A few years ago someone told me I was a Blerd. I had no idea what they were talking about. But (as I was then told) I’m black, I like SFF, and I talk about it a whole lot. So that makes me a Blerd. Okay. Fine. Whatevs. I didn’t really expect the term to catch on. I mean c’mon. Black + Nerd? Shows how much I know. Today Blerds are everywhere. There are Blerd sites, Blerd podcasts, Blerd blogs, Blerd meetups–you name it. Blerd has become a community. Blerd can maybe even be called a movement. Blerds are also remarkably diverse. And it turns out using one story to define them, may limit the full breadth of who or what they (we) can be.
Unlikely Mix: Rappers, Dragons and Fantasy. So read an article this past March in the Wall Street Journal. The story was on a new campaign strategy by HBO to reach out to a more “urban” demographic, by putting out a Hip Hop and reggaeton album craftily named “Catch the Throne” (see what they did there?). I like Hip Hop. I like dragons and fantasy. But something about this entire affair and the way it was promoted had me feeling “some kinda way.” Cue the Rains of Castamere.
*parts of this write-up were recycled from an earlier posted 2012 blog. opening art: emcees MF Doom and Bishop Nehru
“Tony Starks is Ironman!” Exact words of a friend who back in 2008 made the connection that Wu-Tang Clan’s Ghostface Killah, alternatively known as Tony Starks (with an s) was linked to the comic book icon, Iron Man–also known as Tony Stark (no s). Wu had just won over an otherwise oblivious new fan for Marvel.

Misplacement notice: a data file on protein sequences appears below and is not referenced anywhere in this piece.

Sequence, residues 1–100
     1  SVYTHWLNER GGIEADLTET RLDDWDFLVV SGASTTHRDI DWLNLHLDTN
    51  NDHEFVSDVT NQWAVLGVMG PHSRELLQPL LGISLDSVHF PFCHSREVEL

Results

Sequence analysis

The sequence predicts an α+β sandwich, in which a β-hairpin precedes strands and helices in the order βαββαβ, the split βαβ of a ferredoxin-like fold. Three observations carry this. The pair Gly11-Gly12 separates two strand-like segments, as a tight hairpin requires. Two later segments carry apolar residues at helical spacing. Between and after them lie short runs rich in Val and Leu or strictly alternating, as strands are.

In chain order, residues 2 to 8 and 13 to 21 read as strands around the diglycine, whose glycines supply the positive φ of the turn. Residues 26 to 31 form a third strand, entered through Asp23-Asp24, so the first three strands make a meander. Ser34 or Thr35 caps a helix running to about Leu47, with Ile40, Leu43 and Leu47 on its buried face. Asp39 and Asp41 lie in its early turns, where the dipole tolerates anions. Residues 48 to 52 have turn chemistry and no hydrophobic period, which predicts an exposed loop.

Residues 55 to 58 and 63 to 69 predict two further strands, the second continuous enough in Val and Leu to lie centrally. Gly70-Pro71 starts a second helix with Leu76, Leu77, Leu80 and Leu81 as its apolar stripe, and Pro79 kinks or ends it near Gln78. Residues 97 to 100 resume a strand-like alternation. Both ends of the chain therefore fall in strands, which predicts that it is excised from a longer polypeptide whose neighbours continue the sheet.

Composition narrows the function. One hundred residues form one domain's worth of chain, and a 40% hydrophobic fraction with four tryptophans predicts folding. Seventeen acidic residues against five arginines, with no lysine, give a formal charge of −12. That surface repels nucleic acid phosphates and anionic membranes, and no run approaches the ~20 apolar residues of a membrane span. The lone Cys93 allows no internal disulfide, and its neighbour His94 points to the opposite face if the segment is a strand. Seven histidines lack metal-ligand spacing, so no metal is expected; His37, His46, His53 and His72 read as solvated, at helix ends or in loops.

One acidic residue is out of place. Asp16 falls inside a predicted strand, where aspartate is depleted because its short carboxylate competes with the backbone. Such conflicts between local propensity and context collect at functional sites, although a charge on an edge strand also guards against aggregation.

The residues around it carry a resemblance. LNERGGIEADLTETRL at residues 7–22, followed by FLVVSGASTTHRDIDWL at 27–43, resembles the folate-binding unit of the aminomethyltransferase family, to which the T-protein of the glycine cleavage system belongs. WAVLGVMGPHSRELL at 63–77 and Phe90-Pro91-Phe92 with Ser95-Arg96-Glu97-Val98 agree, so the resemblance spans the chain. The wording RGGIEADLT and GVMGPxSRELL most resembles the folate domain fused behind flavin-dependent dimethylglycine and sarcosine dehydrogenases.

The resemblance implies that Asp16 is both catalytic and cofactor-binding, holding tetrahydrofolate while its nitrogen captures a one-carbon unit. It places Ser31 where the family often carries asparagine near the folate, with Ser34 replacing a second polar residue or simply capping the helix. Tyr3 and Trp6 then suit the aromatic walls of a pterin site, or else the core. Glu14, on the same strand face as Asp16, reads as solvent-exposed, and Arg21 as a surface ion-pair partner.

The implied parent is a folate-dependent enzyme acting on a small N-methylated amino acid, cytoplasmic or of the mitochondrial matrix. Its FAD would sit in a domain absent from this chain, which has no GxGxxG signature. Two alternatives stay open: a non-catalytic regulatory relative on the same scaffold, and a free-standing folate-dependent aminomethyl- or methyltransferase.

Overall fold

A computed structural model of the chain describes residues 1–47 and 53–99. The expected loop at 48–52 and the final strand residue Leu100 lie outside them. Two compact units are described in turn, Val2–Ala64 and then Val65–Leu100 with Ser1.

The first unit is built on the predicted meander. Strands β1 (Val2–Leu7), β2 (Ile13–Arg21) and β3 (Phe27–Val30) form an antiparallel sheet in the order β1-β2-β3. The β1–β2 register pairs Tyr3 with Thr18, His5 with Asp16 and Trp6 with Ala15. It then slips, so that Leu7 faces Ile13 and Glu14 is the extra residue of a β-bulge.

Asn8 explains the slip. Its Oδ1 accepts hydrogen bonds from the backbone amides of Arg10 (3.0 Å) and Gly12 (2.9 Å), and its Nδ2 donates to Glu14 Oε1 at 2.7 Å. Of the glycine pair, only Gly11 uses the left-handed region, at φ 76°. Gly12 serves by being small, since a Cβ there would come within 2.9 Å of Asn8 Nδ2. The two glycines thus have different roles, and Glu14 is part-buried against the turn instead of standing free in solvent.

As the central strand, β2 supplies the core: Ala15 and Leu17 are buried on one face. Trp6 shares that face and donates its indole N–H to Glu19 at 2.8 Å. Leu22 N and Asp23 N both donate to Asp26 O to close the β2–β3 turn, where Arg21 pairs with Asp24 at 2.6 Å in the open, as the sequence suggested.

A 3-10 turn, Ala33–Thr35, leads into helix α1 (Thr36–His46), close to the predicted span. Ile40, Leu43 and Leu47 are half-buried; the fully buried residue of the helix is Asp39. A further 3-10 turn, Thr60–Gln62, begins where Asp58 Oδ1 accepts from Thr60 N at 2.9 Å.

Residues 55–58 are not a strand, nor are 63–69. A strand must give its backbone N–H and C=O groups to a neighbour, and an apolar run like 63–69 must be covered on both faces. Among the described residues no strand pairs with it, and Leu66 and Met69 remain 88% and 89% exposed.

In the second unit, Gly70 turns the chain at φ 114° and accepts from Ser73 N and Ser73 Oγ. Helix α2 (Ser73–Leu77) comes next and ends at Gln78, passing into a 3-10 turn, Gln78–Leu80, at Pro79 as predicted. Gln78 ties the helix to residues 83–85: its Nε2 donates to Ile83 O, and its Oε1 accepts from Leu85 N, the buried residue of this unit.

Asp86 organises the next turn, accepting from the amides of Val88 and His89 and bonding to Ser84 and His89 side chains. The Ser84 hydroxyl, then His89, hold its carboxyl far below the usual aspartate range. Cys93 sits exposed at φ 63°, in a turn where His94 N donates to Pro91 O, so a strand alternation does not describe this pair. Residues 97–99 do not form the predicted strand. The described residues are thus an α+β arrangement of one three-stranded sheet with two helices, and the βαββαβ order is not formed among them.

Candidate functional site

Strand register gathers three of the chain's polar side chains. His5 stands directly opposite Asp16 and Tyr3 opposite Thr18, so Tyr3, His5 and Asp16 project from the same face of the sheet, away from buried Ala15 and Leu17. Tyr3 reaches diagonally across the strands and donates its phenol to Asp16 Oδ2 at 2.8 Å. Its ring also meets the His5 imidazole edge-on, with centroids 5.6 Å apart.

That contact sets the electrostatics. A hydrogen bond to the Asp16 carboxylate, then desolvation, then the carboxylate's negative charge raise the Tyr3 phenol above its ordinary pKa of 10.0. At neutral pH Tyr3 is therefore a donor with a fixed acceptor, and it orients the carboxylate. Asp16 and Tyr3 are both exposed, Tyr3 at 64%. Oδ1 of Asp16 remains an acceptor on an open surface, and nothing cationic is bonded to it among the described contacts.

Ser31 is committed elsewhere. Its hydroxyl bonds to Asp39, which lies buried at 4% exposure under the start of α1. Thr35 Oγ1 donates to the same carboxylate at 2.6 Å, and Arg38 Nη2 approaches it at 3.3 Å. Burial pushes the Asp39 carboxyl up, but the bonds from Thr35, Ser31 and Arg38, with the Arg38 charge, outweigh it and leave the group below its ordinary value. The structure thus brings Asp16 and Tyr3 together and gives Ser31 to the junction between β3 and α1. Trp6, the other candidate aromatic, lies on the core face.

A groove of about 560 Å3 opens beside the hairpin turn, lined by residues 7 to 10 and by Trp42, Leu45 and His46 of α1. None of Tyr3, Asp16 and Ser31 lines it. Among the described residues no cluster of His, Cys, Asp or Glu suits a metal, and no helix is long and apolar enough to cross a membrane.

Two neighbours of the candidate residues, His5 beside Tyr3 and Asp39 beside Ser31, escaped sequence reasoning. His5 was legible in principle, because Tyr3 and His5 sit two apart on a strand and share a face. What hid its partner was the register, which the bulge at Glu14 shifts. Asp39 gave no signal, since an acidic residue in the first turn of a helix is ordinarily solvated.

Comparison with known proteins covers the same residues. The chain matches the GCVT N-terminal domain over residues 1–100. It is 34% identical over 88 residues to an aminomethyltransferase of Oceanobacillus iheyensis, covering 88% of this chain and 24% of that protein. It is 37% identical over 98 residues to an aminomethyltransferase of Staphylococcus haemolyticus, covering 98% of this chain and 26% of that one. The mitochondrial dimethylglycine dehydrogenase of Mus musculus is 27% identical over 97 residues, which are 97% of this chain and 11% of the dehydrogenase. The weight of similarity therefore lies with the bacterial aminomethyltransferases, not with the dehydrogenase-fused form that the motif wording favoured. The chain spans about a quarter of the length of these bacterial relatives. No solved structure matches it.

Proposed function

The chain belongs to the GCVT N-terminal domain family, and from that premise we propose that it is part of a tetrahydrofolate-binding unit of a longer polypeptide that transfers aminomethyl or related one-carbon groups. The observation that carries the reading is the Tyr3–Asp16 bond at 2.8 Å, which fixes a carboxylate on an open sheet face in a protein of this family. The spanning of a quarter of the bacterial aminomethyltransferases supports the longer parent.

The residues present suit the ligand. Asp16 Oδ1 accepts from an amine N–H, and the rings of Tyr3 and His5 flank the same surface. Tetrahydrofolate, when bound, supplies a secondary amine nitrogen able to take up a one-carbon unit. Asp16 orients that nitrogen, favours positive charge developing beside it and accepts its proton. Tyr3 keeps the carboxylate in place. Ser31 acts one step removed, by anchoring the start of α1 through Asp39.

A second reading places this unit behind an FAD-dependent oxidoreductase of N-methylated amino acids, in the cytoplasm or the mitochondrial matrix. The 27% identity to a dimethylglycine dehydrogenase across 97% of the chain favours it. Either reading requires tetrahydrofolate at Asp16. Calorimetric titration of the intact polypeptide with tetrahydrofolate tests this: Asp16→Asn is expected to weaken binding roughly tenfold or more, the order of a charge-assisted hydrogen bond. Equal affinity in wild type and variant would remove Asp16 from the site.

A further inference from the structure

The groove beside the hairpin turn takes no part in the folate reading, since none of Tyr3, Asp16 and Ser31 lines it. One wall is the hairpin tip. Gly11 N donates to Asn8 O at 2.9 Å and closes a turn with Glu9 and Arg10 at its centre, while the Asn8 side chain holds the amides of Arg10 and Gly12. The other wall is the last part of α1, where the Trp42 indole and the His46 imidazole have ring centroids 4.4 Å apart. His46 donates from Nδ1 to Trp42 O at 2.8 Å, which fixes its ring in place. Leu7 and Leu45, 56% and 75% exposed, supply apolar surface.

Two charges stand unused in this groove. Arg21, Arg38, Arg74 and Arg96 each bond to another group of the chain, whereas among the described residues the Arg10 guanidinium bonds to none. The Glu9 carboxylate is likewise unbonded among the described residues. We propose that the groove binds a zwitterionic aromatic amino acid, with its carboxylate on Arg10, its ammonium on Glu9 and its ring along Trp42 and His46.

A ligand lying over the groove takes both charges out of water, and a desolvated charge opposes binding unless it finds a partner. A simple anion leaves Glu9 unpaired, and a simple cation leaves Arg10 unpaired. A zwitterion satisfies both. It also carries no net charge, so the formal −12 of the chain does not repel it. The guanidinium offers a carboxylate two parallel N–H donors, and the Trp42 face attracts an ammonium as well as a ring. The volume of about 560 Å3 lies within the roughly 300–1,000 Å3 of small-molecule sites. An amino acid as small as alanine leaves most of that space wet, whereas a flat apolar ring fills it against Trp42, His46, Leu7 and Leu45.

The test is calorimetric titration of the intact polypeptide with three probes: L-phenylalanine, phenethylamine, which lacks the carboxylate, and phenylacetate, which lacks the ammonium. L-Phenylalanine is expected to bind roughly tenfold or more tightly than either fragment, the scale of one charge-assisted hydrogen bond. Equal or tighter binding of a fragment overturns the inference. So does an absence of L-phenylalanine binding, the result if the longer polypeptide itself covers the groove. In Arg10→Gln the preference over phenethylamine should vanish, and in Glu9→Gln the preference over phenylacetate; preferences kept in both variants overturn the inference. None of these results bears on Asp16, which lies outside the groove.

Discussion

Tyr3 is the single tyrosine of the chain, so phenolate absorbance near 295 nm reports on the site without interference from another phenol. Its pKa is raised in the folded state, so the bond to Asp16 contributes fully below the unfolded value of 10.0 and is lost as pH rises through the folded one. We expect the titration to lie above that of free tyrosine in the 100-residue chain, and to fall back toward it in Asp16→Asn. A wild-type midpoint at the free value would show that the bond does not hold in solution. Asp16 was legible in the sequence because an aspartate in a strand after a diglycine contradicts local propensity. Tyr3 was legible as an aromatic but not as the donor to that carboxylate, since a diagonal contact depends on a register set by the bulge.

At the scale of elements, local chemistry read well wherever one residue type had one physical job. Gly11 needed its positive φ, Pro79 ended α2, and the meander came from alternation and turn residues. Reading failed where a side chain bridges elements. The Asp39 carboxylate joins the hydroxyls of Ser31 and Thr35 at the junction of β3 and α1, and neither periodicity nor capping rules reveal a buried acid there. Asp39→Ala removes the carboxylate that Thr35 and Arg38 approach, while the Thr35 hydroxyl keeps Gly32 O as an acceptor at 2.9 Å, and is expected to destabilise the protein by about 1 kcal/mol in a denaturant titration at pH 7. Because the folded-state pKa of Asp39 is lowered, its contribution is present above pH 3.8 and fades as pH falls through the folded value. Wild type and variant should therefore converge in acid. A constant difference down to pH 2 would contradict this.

“It’s imagination. To imagine means to image. And once you make an image, you can make flesh. It’s power upon power. And it’s real. That power, that force–if you let it, it can move mountains.”–Rza, The Wu-Tang Manual
Earlier this week, Rza dropped the first trailer for his directorial debut martial arts flick–The Man with the Iron Fists. Set in a fictional 19th century China, it stars some premium actors, among them Russell Crowe, Lucy Liu and the incomparable Pam Grier. Rza, better known as the mentalist leader of the Wu-Tang Clan, and for digging in the crates to mash-up an orchestration of dissimilar sounds to lay classic Hip Hop tracks and score such films as Ghost Samuraiand Kill Bill I & II, co-wrote the film and plays a starring role–as a martial arts blacksmith alongside a razor-fan slicing, gun-toting, golden-skin morphing cast of characters. For anyone even remotely familiar with Wu-Tang, and the mind of Bobby Digital especially, none of this should come as a surprise.